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November 30th, 2012
10:20 AM ET

Democrats and Republicans struggle to reach a compromise to avoid the fiscal cliff

The fiscal cliff is just 32 days away. With Democrats and Republicans both refusing to compromise, Zoraida speaks to a representative from each party to sort through the details.  

Congresswoman Sheila Jackson Lee of Texas says her main focus is to fight for the working class who is being ignored. "That is what the bottom line is for the president and for Democrats, to protect benefits in a reasonable manner, and to ensure that we have the revenue to bring down the deficit and to continue to operate in the needs of the American people," Lee said.

Kansas Republican Congressman Tim Huelskamp does not like the President's newest proposal, but does like some of Obama's past ideas, "I agree with the president from two years ago when he said you can't raise taxes in the middle of a recession. I think the economy is lower than it was last year. Slower than it was the year before, and we have this idea and notion that somehow raising taxes is going to create jobs."

As for compromising, the Senior Whip of the Democratic Caucus Lee favors focusing on growing the economy and not increasing cuts. She wants the Republican party to see eye to eye on that priority as well, "If my Republican friends would think about the working people of America, stop the war on working people of America, and not adhere to the fact that in a recession, you must constantly focus on the deficit. Most economists say focus on growth," she said.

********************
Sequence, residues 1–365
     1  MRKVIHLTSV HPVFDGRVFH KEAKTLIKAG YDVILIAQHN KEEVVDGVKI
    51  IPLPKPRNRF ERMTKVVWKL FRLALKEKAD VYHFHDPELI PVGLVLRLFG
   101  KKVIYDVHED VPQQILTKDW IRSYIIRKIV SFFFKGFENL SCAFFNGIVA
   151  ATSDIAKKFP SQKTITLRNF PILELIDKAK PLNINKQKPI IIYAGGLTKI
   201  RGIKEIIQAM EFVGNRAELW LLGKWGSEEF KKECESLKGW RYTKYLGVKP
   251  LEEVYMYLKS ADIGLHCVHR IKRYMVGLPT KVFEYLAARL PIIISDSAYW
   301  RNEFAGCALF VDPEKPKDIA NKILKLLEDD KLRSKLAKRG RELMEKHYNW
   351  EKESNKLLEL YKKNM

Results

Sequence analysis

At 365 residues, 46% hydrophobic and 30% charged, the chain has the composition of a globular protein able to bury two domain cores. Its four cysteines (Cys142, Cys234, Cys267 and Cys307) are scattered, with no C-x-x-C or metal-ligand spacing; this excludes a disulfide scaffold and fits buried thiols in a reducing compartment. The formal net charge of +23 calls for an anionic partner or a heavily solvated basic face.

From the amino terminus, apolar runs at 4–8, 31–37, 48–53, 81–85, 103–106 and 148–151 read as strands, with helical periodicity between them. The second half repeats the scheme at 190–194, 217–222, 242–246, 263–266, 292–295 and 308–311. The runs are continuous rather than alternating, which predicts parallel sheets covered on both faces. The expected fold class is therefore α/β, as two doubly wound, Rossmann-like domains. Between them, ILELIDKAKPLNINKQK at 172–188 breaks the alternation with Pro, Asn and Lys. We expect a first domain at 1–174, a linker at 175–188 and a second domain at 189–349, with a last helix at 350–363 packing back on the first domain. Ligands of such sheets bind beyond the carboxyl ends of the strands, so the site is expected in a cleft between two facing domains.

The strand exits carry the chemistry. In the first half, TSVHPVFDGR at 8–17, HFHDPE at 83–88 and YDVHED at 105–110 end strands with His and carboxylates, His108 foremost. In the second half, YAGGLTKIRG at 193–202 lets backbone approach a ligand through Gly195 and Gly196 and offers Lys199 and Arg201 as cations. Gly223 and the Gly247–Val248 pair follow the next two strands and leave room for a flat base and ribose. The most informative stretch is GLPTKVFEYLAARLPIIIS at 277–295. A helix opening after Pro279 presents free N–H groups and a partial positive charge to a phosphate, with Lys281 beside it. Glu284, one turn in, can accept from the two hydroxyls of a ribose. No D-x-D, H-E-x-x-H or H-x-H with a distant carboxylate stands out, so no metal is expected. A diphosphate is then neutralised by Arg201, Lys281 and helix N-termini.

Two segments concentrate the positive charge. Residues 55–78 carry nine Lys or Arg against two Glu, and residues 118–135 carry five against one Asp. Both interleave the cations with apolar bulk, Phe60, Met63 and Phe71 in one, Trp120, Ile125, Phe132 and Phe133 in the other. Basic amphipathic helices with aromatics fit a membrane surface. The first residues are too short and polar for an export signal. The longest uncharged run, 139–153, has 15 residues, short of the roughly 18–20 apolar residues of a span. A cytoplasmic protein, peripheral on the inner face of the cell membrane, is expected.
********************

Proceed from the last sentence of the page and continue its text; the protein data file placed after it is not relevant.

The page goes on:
Huelskamp agrees with her that progress can only be made by focusing on gaining revenue, "We have about 23 million Americans looking for work. Raising taxes doesn't create jobs. If we want more revenue in Washington we need to grow the economy. We need to talk about ways we can grow the economy and get Washington out of the way so people can go back to work, he said."

Instead of pointing the blame at just one person or party, Huelskamp, the House Budget Committee member, says the problem lies in Washington as a whole, "I think one of the problems with Washington in general is these things are taking place behind closed doors. That didn't work out a year and a half ago when they put together a bad deal. Both sides, the president, majority leader, the speaker, that created this crisis."

Though she doesn't believe a resolution will be reached before Christmas, Lee is positive about avoiding falling off the cliff, "I am looking forward to reasonable men and women coming together as patriots, and ensuring that we will address this question for the American people." Huelskamp agrees that a a solution can be found if and when Congress focuses on the good of the nation, "It's not about Washington. It's not about what the politicians are thinking. It's about how do we create more jobs in America and get our economy growing again?"

Filed under: 2012 • Fiscal cliff • Politics
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